A Lesson in Fear and the Facial Hair of the Samurai Warrior
The Samurai were the legendary knights of medieval Japan, an elite, fierce, and highly skilled warrior class that held the reins of power for over 700 years. Trained to kill from the age of three, they gained competencies in a multitude of weaponry; they were skilled archers, martial artists, and swordsman. Not only did they have total control over these deadly instruments, but they were also masters of a less visible and perhaps more potent weapon: fear. They learned techniques not only to overcome fear themselves but also determine how to use it effectively against their opposition. Fear and the mastery of it were part of every aspect of the Samurai culture.
THE HIGE: The Beards and Mustaches of Samurai Warriors
A significant outward expression of fear was the “Hige” or facial hair, and in Samurai culture, every warrior was expected to grow it. If you were a Samurai and couldn’t produce a big “Hige” you were potentially viewed as being weak or inexperienced. In fact, to avoid potential shunning, those who could not grow a big “Hige” felt pressure to use a false one. The well known 15th-century Samurai “Hideyoshi Toyotomi” alluded to the fact that he wore quite a large fake “Hige” during his reign. Social importance aside, lets examine the “Hige” in a more anatomical light.
Mempo, Displays of Intimidation, and Horsehair ‘Hige”
Perhaps one of the most beautiful and admiral qualities of Japanese culture is how seamlessly duality is given to everything. Samurai armor was a perfect example of this. It acted as both a defense mechanism (protecting the body) as well as a psychological weapon(scaring the bejesus out of the enemy). This armor was downright terrifying, and more to the point, it served as a spectacular example of the weapon they mastered best – fear. On average, this armor weighed 60 pounds less than the clunky suits of their European counterparts but was as equally effective in deflecting flying arrows and slashing swords. Chest plates called "Do” were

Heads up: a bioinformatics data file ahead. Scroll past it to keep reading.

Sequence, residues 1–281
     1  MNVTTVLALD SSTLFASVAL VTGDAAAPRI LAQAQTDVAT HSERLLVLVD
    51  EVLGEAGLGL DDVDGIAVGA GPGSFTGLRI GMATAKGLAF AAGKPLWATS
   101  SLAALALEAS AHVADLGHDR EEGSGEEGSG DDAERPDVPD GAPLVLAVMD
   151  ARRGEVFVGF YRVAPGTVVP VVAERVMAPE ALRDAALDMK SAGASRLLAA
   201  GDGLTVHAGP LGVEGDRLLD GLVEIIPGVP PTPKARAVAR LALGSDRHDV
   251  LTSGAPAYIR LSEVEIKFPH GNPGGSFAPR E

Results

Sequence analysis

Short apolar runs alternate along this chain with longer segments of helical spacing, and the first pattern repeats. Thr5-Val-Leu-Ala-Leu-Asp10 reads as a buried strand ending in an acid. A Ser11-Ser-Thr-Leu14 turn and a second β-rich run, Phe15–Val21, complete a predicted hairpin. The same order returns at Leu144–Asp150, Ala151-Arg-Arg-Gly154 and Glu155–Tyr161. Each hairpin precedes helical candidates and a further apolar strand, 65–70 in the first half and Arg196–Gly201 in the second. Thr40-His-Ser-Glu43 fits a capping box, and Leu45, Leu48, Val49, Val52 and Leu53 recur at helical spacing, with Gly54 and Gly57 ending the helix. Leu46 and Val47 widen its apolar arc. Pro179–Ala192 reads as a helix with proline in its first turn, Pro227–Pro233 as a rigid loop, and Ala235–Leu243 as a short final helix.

embossed with forbidding underworld dragons; helmets called “Kabuto” were adorned with demonic
spikes.Yet, perhaps the most impressive and most formidable piece of this armor was the face portion, called the “Mempo.” “Mempo” again functioned with duality; it held the often weighty helmet in place with a series of well placed straps and hooks, but was also the focal point in staring down the opposition. Further, the “Menpo” was, more often than not, garnished with a “Hige” made from horsehair. Some of the more well- known and well-preserved ones had straight-up mustaches, and some had beards or combinations of both.
“For centuries the Samurai used the ‘Hige’ both on and off the battlefield. It was a defining element in telling the difference between a regular citizen and a Japanese warrior.”
For centuries, the Samurai used the “Hige” both on and off the battlefield. It was a defining element in telling the difference between a regular citizen and a Japanese warrior. What put an end to the Samurai and the “Hige” was an extended period of peace at the end of the Edo period. In fact, a very famous shogun of this time named “Nagakura Shinpachi” shaved the mustache he had grown for years, and his loyal samurai followed suit. In this period of peace, the “Hige” soon became a sign of aggression and rebellion in this new modern era and was outlawed. Sadly, as the samurai lay down their swords and faded into other societal roles such as teachers, the great “Hige” faded with them as the Japanese entered the modern era. The samurai may be a thing of the past, but their spirit can live on. Now, you know how be fearless, master fear, grow a “Hige” and wear it with honor, and be a samurai.
Boston Beard Works - author
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